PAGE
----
Portland State is commonly seen as being environmentally friendly, whether it is because of the university’s many sustainable projects or the numerous environmentally conscious bikers that commute to campus. But when it comes to bottled water, the PSU Sustainability Office thinks university staff and students could be doing more to help reduce the number of plastic bottles littering the university–either by making a more conscious effort to recycle, or by just not drinking bottled water at all.
Portland State is commonly seen as being environmentally friendly, whether it is because of the university’s many sustainable projects or the numerous environmentally conscious bikers that commute to campus.
But when it comes to bottled water, the PSU Sustainability Office thinks university staff and students could be doing more to help reduce the number of plastic bottles littering the university–either by making a more conscious effort to recycle, or by just not drinking bottled water at all.
“It’s a problem. It increases our waste dramatically,” said Noelle Studer, sustainability coordinator for PSU.
Studer said the problem is largely due to the increasing amount of bottled water people are consuming on campus.
“It’s a big problem and a growing problem in our area,” Studer said. “We have very high-quality water here in the Portland area, so there’s no need to purchase bottled water.”
Bottles, bottles everywhere
Yet, purchasing bottled water is exactly what people at PSU are doing. University Market, PSU’s student store, sells more than double the amount of bottled water than any other beverage, according to sales records.
“We have three full doors of water,” said Kristine Robbins Wise, University Market’s manager. “We do move a really massive number of water bottles through this location.”
Sales figures for the past year show that the number of water bottles sold at University Market is in the thousands, with bottles of Aquafina selling around 18,000 and 21,000 for 1-liter and 20-ounce bottles, respectively.
In total, the University Market sold over 50,000 bottles of Aquafina last year–not counting flavored waters.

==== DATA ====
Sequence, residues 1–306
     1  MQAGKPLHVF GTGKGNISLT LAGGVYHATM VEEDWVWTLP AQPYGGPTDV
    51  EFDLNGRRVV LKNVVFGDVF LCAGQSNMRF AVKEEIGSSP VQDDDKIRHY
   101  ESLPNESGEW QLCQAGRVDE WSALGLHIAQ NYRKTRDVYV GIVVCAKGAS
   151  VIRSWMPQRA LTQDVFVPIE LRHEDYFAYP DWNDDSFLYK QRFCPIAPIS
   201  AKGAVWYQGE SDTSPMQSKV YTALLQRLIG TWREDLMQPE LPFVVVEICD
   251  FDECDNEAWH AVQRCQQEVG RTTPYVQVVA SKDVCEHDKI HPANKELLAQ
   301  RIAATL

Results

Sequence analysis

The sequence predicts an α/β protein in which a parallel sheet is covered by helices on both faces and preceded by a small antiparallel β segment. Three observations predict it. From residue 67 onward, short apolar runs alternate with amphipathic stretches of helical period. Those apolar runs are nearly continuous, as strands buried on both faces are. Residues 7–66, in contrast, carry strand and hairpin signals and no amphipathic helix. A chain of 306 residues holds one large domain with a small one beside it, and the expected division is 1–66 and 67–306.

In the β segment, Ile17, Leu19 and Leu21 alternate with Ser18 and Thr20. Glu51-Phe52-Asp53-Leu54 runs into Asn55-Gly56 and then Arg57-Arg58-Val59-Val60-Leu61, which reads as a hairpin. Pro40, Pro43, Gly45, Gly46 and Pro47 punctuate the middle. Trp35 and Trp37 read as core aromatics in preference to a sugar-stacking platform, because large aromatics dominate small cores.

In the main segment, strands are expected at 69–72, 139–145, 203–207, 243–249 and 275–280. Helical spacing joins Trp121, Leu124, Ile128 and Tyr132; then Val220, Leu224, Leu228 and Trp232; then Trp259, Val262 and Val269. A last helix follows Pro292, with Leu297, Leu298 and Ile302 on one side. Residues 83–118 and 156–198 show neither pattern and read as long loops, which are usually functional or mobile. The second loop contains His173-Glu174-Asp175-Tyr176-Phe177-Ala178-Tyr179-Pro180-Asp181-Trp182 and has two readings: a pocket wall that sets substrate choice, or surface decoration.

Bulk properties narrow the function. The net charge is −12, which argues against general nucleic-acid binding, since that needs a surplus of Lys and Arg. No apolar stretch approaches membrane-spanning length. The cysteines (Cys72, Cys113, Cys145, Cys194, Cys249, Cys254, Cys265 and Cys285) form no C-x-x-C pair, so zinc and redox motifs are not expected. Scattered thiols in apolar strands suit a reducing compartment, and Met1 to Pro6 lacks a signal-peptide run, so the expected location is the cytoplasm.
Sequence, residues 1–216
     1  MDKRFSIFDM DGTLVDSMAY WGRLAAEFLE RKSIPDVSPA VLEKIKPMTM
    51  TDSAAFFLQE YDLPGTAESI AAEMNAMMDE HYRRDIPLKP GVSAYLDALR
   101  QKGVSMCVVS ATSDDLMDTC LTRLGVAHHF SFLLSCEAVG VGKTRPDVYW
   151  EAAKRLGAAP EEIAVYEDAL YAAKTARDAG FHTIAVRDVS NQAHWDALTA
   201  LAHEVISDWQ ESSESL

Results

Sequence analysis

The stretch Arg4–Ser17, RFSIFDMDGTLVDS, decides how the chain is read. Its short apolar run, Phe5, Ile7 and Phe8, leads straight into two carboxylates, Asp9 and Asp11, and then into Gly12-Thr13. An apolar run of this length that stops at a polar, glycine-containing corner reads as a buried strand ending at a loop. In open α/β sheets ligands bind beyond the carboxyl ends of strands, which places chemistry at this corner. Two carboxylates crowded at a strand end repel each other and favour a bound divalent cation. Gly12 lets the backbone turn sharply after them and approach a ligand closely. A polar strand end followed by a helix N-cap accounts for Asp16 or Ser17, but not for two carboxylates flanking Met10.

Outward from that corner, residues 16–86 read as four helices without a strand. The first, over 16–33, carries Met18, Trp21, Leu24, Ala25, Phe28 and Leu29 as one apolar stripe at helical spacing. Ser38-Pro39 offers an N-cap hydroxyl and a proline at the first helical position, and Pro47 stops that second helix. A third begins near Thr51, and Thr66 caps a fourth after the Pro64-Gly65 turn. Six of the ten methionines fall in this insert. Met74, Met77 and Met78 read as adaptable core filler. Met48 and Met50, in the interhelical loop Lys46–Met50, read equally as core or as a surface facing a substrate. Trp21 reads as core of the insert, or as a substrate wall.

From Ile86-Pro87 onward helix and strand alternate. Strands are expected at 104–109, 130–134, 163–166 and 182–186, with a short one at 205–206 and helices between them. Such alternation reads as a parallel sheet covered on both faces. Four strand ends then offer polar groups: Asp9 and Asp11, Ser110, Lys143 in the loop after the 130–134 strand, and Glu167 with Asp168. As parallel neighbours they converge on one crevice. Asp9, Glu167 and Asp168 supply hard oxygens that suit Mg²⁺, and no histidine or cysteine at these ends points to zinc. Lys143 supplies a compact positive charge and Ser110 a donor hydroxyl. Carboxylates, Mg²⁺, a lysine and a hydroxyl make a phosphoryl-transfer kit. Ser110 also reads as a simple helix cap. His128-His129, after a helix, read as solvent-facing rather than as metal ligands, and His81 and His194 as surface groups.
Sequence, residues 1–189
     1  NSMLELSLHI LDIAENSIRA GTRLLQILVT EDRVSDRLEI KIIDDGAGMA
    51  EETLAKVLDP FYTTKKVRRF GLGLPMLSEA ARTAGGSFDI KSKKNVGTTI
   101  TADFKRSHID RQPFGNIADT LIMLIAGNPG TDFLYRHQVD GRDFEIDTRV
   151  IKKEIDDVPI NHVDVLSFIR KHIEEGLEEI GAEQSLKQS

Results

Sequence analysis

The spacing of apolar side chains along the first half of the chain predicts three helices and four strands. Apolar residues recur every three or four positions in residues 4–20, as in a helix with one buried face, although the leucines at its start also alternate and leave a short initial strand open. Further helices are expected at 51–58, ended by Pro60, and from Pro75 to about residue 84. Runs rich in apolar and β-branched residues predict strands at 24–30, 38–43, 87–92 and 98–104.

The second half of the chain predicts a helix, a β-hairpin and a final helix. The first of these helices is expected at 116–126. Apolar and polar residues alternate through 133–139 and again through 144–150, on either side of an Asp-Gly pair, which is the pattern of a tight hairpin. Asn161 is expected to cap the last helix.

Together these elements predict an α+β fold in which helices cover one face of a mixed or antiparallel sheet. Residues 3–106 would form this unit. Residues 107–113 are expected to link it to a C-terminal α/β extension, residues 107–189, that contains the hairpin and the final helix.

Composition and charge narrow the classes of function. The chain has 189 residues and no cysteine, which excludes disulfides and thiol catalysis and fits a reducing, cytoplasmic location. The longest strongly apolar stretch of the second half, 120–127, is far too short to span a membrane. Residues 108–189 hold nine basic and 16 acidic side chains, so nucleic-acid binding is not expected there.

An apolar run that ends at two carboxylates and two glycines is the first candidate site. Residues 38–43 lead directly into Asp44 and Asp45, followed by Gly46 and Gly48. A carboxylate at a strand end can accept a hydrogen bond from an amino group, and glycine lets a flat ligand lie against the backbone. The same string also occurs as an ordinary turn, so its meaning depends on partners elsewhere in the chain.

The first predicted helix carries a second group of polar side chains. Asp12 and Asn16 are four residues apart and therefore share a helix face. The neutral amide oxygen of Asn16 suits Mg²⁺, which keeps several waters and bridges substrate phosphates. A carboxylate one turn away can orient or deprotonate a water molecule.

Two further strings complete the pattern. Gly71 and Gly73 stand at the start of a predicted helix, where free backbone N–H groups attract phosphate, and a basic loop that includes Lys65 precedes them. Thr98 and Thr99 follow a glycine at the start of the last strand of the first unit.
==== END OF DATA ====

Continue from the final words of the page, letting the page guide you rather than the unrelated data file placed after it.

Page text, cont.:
With so much bottled water flowing around the university, from the student store to vending machines, Studer said it is very important to recycle, although she added, “We’re recycling more, but the amount that we’re throwing away is also increasing.”
Dr. Susan Poulsen, professor and chair of the communication department, said people are not recycling because there is no reason for them to. Poulsen has researched the bottle water industry and has created class projects about it.
She points to HR 4238, the national legislation better known as the “2007 Bottle Bill,” which would have given consumers a rebate for turning in plastic water bottles and other beverages.
“It didn’t pass,” Poulsen said. “What it really means is that there’s no financial incentive to recycle.”
“Many people don’t recycle,” she added. “There is concern about landfills and excess plastic. There’s no money involved.”
Apart from the environmental concerns, some say an increase in bottled water consumption on campus has other risks.
Although there are industry standards, Poulsen said, most bottled water is not regulated.
According to a study by the National Resources Defense Council, bottled water packaged and sold in the same state does not need to follow the Food and Drug Administration’s bottled water regulations. Also, the study found that while larger cities must test tap water for coliform bacteria 100 or more times per month, bottled water plants must test for the same bacteria only once a week.
You should not drink bottled water “unless you are in a situation where access to a safe water supply is impossible,” Poulsen said.
Other health concerns
Studer said there is also some cause for concern over chemicals called phthalates, which can be found in bottles of water.
Phthalates, compounds commonly used in plastic such as vinyl, can be harmful to the development of children’s hormones used for gender regulation, according to an article from www.time.com.
Some water bottles contain phthalates, according to the study done by the Natural Resources Defense Council, though not all of them do.
Studies have also shown that these chemicals have been linked to breast cancer and a host of other health problems, according to www.time.com and www.breastcancerfund.org.
“When customers reuse them and reuse them and reuse them, there are materials that bleed into the water from the plastic,” Poulsen said. “These bottles are not made for reuse. It’s not a safe thing to do, to reuse these bottles.”
The effects, Poulsen said, are unknown at this point.
“Lots of people don’t know, even in the medical field,” she said. “Carcinogens are leaked out of the bottle into the water. We do know that it’s there.”
Studer said the best way to avoid problems is to not buy bottled water. Bring your own water to school instead, because reusable water bottles are more sustainable than buying bottled water, she said.
“It’s a tremendous waste of resources,” she said about bottled water consumption. “And nobody’s about that. They think, ‘Oh, I’m recycling, it’s going to be OK,’ and it’s really not OK.”